Social Security and pension payments are two of the most common sources of income retirees receive, but if you don’t earn enough to qualify with those two sources alone, lenders may also consider rental income, annuity payments and regular interest or dividend payments. Be prepared to show proof—such as a pension verification letter or Social Security benefit verification letter—that these sources provide a regular stream of income. 

Still not enough? If you’re making regular withdrawals from retirement accounts, lenders may also consider the income stream generated from those accounts. However, if you have stocks, bonds or mutual funds in your accounts—and most people do—only 70 percent of the income will be included in the lender’s calculation because the value of those assets fluctuates and may decrease over time. 

If you have significant assets but don’t have many streams of income, your lender may use a method known as asset depletion to determine whether you have enough money to repay the loan. With asset depletion, the lender divides the balance of one or more of your accounts by a set number of months to determine the income it would generate per month.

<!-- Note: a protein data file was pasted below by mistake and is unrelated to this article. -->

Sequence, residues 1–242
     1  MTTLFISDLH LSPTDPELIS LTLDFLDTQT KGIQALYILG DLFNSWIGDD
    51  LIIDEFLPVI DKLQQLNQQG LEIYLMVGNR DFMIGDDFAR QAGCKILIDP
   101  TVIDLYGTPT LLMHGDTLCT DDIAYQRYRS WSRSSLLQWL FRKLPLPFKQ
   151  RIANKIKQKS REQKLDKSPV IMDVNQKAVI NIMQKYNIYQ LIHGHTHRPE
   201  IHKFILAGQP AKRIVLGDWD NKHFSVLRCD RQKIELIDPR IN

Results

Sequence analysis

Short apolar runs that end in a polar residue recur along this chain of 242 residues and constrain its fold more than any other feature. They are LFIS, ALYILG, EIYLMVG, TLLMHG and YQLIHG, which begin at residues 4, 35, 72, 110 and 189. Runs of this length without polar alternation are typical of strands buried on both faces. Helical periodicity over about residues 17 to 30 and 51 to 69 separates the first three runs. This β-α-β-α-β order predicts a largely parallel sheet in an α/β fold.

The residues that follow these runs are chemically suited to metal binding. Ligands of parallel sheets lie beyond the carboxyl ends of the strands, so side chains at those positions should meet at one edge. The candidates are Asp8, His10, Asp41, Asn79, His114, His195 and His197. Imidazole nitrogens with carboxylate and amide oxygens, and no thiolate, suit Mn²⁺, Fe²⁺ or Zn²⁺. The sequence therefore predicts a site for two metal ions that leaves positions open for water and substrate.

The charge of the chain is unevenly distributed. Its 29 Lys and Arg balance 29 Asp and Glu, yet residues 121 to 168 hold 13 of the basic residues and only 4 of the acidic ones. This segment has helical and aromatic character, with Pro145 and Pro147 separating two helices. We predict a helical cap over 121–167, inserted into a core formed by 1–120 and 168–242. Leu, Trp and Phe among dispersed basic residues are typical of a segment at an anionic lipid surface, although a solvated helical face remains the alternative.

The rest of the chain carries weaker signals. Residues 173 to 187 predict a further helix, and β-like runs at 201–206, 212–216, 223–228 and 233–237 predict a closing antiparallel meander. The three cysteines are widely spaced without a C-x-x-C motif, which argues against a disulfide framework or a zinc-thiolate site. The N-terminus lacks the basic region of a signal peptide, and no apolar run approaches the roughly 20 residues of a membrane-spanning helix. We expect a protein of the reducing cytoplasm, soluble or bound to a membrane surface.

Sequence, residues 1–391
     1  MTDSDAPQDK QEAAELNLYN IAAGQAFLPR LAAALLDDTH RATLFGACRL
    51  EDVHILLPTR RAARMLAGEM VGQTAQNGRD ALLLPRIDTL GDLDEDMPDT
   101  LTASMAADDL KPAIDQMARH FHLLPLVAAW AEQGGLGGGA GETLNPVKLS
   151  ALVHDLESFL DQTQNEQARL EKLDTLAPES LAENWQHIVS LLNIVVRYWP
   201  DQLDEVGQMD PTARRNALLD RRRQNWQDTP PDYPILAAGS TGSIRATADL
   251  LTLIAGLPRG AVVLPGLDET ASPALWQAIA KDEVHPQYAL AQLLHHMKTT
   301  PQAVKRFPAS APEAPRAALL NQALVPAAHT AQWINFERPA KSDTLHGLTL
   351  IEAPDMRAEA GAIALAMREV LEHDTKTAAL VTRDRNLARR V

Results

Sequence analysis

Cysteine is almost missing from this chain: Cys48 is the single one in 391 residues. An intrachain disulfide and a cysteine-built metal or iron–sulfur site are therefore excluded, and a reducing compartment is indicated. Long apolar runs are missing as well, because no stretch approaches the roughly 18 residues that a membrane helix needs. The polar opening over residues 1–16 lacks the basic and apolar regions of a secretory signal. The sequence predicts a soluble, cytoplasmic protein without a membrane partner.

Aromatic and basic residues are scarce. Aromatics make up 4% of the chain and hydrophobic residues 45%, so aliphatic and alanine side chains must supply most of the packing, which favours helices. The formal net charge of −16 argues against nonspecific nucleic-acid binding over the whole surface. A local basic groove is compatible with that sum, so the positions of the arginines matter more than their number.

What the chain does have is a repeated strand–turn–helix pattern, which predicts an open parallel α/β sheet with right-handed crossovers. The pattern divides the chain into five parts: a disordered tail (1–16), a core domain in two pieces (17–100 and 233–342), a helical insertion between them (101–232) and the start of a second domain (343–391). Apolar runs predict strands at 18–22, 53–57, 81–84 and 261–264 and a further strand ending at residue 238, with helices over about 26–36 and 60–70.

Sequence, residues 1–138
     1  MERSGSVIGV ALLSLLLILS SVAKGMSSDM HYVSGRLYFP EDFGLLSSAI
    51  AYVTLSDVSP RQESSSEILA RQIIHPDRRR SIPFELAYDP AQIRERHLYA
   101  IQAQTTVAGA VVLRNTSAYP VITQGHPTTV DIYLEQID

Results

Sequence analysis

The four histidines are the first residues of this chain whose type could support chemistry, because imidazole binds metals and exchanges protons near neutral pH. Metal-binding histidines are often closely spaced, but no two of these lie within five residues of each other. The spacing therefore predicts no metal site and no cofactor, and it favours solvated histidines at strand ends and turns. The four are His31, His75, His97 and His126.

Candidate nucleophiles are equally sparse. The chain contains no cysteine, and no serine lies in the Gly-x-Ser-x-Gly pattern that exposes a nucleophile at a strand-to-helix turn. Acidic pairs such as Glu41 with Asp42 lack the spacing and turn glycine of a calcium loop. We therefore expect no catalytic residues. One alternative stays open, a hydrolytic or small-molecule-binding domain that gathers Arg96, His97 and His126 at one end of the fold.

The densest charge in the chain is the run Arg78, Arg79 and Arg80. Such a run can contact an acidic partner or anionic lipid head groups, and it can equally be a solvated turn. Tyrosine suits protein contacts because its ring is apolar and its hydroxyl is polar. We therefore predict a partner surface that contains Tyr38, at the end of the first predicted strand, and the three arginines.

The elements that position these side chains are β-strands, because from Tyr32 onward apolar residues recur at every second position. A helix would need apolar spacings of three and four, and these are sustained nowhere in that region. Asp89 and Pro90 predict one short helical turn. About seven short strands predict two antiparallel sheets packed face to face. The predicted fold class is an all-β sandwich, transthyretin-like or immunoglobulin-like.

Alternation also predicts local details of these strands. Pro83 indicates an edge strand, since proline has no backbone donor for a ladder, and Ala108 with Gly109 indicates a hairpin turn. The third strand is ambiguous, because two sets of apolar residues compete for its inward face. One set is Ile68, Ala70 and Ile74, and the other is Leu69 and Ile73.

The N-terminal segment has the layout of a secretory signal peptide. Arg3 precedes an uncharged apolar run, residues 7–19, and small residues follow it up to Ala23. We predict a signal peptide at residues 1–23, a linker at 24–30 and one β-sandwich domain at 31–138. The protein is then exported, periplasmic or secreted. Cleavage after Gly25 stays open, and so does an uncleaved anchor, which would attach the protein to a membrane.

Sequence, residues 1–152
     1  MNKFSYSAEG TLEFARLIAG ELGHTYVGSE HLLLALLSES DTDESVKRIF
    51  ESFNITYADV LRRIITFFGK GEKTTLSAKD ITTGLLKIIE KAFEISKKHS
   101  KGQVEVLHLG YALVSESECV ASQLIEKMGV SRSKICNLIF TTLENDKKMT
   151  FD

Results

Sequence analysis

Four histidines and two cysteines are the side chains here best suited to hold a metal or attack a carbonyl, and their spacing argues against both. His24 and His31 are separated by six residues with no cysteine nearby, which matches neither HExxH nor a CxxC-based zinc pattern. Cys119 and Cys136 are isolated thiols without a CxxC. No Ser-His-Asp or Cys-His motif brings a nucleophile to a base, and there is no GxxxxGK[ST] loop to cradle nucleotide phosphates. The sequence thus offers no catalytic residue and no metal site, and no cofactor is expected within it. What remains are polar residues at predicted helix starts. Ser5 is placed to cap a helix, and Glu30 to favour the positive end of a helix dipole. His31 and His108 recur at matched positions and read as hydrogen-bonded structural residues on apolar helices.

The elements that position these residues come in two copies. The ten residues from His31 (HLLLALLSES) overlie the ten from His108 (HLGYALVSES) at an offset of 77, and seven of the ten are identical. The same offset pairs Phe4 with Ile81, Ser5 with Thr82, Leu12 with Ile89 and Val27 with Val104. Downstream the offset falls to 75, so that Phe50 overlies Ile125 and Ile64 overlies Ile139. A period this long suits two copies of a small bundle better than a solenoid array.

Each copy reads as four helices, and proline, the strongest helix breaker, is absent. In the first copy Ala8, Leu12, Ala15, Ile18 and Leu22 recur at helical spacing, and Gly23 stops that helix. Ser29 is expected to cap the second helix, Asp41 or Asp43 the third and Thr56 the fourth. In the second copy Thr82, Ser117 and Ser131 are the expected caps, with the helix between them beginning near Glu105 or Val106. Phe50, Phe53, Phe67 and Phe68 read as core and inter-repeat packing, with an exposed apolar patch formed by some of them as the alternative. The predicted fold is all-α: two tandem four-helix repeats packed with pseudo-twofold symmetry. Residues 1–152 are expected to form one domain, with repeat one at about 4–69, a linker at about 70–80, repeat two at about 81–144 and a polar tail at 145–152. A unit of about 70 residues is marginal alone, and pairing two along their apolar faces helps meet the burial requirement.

Add Part-Time Income and Reduce Expenses

Planning to add part-time income as part of your retirement plan? This strategy may help with showing lenders that you have another source of income when receiving a loan. For example, if you add $1,000 monthly part-time income for 10 years, this can add 5 years to your Retirement Score.

It may be helpful to add part-time income and/or reduce your expenses through other ways if you can’t receive a loan. You can reduce your spending through comparing rates for homeowners insurance, prescription drug costs, or cutting back on non-essential expenses. This can help provide you with more flexibility without having to pay back a loan and the interest fees associated with it.

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When to Apply for a Loan

No one knows what the future might hold, and you may not know whether you’ll need to take out a loan in retirement. But if you are planning to get a loan after you retire, you may want to consider completing the process before you quit your day job. Chances are with a steady paycheck and W-2, it’ll be easier to prove you have adequate income. 

If you aren’t planning to get a loan and something comes up unexpectedly that makes you change your mind, don’t panic. It is possible to get a loan in retirement. You just may need to jump through a few more hoops than if you were employed.

How Getting a Loan in Retirement Will Impact Your Finances

While it’s possible to get a loan in retirement, it’s important to think about the impact it will have on your bottom line before you move forward. Adding debt payments in retirement means you’ll have less money available to pay for other expenses such as health care or pursuing your favorite hobby. Plus, if your loan isn’t paid off when you die, assets from your estate will be used to pay it off, which may reduce the amount that gets passed down to your heirs.